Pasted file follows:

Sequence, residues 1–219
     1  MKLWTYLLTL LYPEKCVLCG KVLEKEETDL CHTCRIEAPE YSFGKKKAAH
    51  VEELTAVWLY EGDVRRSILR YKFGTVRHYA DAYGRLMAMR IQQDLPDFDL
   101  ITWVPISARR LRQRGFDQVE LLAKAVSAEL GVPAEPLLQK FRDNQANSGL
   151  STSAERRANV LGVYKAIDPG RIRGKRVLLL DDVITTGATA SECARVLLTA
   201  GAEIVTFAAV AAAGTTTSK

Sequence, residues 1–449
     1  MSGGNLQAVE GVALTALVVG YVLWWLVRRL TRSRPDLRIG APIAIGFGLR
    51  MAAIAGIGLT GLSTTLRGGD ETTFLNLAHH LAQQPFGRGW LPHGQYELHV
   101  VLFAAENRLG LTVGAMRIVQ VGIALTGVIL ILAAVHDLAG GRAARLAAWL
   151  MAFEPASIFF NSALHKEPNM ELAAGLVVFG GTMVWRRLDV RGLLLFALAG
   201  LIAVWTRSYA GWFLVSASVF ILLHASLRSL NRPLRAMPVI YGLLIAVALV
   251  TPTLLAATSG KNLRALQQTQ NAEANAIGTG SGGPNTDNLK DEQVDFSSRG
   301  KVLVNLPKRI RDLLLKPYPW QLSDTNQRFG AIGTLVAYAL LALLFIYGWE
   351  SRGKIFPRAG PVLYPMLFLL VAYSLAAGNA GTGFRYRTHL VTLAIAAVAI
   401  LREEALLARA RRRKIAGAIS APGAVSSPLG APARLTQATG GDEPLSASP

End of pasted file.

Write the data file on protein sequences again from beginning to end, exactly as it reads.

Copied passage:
Sequence, residues 1–219
     1  MKLWTYLLTL LYPEKCVLCG KVLEKEETDL CHTCRIEAPE YSFGKKKAAH
    51  VEELTAVWLY EGDVRRSILR YKFGTVRHYA DAYGRLMAMR IQQDLPDFDL
   101  ITWVPISARR LRQRGFDQVE LLAKAVSAEL GVPAEPLLQK FRDNQANSGL
   151  STSAERRANV LGVYKAIDPG RIRGKRVLLL DDVITTGATA SECARVLLTA
   201  GAEIVTFAAV AAAGTTTSK

Sequence, residues 1–449
     1  MSGGNLQAVE GVALTALVVG YVLWWLVRRL TRSRPDLRIG APIAIGFGLR
    51  MAAIAGIGLT GLSTTLRGGD ETTFLNLAHH LAQQPFGRGW LPHGQYELHV
   101  VLFAAENRLG LTVGAMRIVQ VGIALTGVIL ILAAVHDLAG GRAARLAAWL
   151  MAFEPASIFF NSALHKEPNM ELAAGLVVFG GTMVWRRLDV RGLLLFALAG
   201  LIAVWTRSYA GWFLVSASVF ILLHASLRSL NRPLRAMPVI YGLLIAVALV
   251  TPTLLAATSG KNLRALQQTQ NAEANAIGTG SGGPNTDNLK DEQVDFSSRG
   301  KVLVNLPKRI RDLLLKPYPW QLSDTNQRFG AIGTLVAYAL LALLFIYGWE
   351  SRGKIFPRAG PVLYPMLFLL VAYSLAAGNA GTGFRYRTHL VTLAIAAVAI
   401  LREEALLARA RRRKIAGAIS APGAVSSPLG APARLTQATG GDEPLSASP